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Notebook: Bettman calls league-wide attendance ‘strong’ |

Notebook: Bettman calls league-wide attendance ‘strong’

Karen Price
| Monday, February 10, 2003 12:00 a.m

As was reported earlier this week in the Pittsburgh Tribune-Review, Penguins’ ticket sales are down about 6 percent from last year.

According to figures in Sports Business Journal, the drop makes the Penguins one of 14 NHL teams which have suffered faltering attendance this season, although some teams have drops as slight as .2 percent (San Jose Sharks) and .4 percent (Toronto Maple Leafs).

League-wide, attendance was down 1.1 percent through Jan. 27.

Commissioner Gary Bettman addressed the issue recently, characterizing attendance as “strong.” He said the potential still exists for the NHL to set an attendance record for the sixth year in a row.

The Penguins averaged 14,925, or 88 percent of capacity, through 24 home games this year before the All-Star break. That’s down from 15,857 through 26 home games in the same period last year. They’ve had four games at 98 percent capacity or higher and three games at 75 percent capacity or lower.

Among the teams that have seen a substantial increase in attendance this year are the Anaheim Mighty Ducks (up 17.6 percent) and the Los Angeles Kings (8.1 percent).


Mario Lemieux proves every day that 37 is by no means over the hill in the NHL.

But not even a youngster — let alone a 37-year-old — wants to get stuck on the ice for the full term of a penalty kill, which is exactly what happened to defenseman Marc Bergevin on Saturday against the Boston Bruins.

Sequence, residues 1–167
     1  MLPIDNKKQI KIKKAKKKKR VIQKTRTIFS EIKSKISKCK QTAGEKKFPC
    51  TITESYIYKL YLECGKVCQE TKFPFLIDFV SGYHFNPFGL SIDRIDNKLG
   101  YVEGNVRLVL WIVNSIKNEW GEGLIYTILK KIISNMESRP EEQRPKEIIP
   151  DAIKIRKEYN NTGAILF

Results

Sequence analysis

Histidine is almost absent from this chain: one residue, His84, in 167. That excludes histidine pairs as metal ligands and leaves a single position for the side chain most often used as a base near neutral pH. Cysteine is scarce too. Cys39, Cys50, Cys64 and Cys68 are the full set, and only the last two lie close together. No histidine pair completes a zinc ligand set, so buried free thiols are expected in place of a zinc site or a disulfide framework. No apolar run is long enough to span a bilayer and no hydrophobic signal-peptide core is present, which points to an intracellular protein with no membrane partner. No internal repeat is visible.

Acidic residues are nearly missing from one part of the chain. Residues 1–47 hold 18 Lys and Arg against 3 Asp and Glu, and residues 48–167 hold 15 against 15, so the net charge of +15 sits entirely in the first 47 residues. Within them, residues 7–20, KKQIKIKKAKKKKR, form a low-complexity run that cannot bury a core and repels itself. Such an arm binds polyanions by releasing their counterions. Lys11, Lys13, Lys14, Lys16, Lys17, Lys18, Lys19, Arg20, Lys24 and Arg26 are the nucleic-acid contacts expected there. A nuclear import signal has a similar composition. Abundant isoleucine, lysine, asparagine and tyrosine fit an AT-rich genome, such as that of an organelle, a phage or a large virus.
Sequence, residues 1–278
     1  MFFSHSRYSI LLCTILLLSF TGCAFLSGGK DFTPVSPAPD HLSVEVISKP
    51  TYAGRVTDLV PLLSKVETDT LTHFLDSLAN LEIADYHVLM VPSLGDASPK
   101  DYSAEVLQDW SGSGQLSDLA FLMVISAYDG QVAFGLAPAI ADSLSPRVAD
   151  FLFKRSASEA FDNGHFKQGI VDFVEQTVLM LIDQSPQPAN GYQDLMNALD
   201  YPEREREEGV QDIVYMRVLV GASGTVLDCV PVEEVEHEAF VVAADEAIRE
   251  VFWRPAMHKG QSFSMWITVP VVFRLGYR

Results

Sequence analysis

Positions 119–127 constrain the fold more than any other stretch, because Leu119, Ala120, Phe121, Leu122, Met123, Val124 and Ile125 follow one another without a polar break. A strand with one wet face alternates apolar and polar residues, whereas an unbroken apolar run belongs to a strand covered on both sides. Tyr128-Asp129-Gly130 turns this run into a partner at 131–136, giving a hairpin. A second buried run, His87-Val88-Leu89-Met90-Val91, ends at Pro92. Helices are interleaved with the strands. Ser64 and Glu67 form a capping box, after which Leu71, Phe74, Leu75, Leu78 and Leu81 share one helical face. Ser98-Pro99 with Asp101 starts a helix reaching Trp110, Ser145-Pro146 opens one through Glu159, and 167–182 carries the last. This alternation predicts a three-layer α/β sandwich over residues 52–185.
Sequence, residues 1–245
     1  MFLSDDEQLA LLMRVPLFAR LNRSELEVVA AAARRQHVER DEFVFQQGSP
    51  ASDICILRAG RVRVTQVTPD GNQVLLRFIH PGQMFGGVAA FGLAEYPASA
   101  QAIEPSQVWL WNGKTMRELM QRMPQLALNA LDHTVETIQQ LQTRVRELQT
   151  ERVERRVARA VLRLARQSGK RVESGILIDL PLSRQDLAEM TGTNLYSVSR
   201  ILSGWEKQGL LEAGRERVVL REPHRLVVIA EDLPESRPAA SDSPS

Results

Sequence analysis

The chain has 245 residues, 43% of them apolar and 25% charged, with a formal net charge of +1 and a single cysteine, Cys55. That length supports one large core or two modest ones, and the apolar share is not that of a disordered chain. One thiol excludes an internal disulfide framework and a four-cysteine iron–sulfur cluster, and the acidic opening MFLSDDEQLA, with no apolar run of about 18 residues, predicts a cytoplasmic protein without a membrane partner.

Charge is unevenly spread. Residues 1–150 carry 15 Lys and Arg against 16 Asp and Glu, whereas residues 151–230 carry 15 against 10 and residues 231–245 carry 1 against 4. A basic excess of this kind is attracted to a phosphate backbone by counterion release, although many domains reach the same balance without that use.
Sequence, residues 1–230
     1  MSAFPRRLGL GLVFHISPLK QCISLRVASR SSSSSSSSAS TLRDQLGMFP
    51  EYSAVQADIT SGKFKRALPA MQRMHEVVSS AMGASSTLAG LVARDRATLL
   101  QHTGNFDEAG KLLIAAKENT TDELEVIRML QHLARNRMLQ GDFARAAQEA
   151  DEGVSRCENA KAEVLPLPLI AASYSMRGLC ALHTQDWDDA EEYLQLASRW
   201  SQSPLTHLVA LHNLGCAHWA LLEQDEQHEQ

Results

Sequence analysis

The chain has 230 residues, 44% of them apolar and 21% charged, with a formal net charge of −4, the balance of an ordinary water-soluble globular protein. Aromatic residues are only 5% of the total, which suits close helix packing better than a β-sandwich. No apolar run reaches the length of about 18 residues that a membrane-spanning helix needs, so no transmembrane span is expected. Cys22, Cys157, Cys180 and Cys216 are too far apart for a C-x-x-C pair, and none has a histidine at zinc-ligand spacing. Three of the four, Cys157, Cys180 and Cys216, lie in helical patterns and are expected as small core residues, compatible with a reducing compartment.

Bergevin is the senior member of the Penguins thanks to an Aug. 11 birthday, 24 days before Lemieux was born.

“My neck was stiff before the game. All the stiffness went to my legs after that,” said Bergevin, who got as far as the blue line about a minute into the second-period kill before he had to turn around and get back.

The Penguins’ bench was on the far side of the ice, which always necessitates well-timed changes. The Penguins were never able to get the puck to the other end of the ice, and Bergevin and Michal Rozsival had to stay.

It didn’t adversely affect the Penguins, however, who killed all four penalties. Their penalty kill is ranked 12th in the league at 84.5 percent.


Ville Nieminen said a Finnish hockey writer who was struck by a car last weekend in Hollywood, Fla., was very lucky that he sustained no head or spinal damage.

Vesa Rantanen was injured when he, Phoenix Coyotes defenseman Ossi Vaananen and another Finnish reporter, Kimmo Romanoff, were hit by an 89-year-old driver after they exited a taxi cab outside the Westin Diplomat hotel at 5:57 a.m. a week ago Sunday.

Nieminen said Rantanen, a friend of his, was heavily sedated for three days because of the pain and was released from the Intensive Care Unit on Thursday. He had surgery on his arm, broke both legs and also suffered MCL and ACL damage to both knees after going through the driver’s windshield. Vaananen is back in Phoenix but will miss 4-6 weeks with a partial tear to his MCL. Romanoff suffered a broken leg and collapsed lung.


The Penguins did not practice Sunday because of their first-ever charity carnival at Mellon Arena. … The Penguins lost their top spot in the power-play rankings. They are now ranked second at 21.6 percent, behind Ottawa at 21.8 percent. … Nieminen, who was scratched for the first time Saturday, does not have a point since registering an assist Jan. 13 against Boston (10 games).

Karen Price is a former freelancer.

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